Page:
Symptoms and causes

Babies born with hypoplastic left heart syndrome usually are seriously ill soon after birth. Hypoplastic left heart syndrome symptoms include:

  • Grayish-blue skin color (cyanosis)
  • Rapid, difficult breathing
  • Poor feeding
  • Cold hands and feet
  • Being unusually drowsy or inactive

In a baby with hypoplastic left heart syndrome, if the natural connections between the heart's left and right sides (foramen ovale and ductus arteriosus) are allowed to close, he or she may go into shock and may die. Signs of shock include:

  • Cool, clammy skin that may be pale or gray
  • A weak and rapid pulse
  • Abnormal breathing that may be either slow and shallow or very rapid
  • Dilated pupils
  • Lackluster eyes that seem to stare

A baby who is in shock may be conscious or unconscious. If you suspect your baby is in shock, immediately call 911 or your local emergency number.

Hypoplastic left heart syndrome occurs during fetal growth when the baby's heart is developing. The cause is unknown. However, if your family has one child with hypoplastic left heart syndrome, the risk of having another with a similar condition is increased.

A normal heart has four chambers, two on the right and two on the left. In performing its basic job — pumping blood throughout the body — the heart uses its left and right sides for different tasks. The right side moves blood to the lungs. In the lungs, oxygen enriches the blood, which then circulates to the heart's left side. The left side of the heart pumps blood into a large vessel called the aorta, which circulates the oxygen-rich blood to the rest of the body.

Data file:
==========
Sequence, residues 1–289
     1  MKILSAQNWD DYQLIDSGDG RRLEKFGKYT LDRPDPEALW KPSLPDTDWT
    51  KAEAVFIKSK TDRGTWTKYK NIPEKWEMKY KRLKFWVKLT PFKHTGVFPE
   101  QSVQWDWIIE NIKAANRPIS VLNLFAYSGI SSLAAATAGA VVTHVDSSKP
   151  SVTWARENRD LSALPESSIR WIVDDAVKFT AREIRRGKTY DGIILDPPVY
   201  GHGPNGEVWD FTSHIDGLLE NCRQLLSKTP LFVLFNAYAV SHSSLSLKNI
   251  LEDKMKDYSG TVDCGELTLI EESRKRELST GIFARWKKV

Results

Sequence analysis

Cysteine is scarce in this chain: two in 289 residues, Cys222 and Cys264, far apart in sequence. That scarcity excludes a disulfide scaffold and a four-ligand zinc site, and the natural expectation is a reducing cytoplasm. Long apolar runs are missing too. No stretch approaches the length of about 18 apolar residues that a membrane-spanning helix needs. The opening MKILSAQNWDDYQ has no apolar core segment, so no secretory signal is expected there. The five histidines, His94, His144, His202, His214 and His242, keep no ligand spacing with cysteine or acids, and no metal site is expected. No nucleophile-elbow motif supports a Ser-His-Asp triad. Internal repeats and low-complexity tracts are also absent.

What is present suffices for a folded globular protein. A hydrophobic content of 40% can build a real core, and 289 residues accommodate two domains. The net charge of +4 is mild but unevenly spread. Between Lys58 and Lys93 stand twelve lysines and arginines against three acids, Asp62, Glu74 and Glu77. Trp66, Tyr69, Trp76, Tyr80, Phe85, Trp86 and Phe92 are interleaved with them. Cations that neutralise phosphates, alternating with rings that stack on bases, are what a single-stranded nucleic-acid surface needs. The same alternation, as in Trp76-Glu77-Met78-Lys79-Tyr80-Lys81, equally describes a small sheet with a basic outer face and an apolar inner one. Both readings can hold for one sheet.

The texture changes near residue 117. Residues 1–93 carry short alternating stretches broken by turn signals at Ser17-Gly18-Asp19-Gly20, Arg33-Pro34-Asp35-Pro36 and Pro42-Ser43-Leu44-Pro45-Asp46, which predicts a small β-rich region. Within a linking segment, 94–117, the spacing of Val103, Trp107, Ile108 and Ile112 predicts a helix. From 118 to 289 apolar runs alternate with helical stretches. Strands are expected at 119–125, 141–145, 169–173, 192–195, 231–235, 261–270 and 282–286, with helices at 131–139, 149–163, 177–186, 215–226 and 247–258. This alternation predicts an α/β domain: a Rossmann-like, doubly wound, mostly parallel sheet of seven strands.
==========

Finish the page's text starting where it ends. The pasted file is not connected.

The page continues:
If you already have a child with hypoplastic left heart syndrome, you're at a higher risk of having another baby with this condition or a similar condition.

Beyond family history, there are no clear risk factors for hypoplastic left heart syndrome.

Without surgery, hypoplastic left heart syndrome is fatal, usually within the first few weeks of life.

With treatment, many babies survive, although most will have complications later in life. Some of the complications may include:

  • Tiring easily when participating in sports or other exercise
  • Heart rhythm abnormalities (arrhythmias)
  • Fluid buildup in the lungs, abdomen, legs and feet (edema)
  • Formation of blood clots that may lead to a pulmonary embolism or stroke
  • Developmental problems related to the brain and nervous system
  • Need for additional heart surgery or transplantation
Aug. 12, 2017
References
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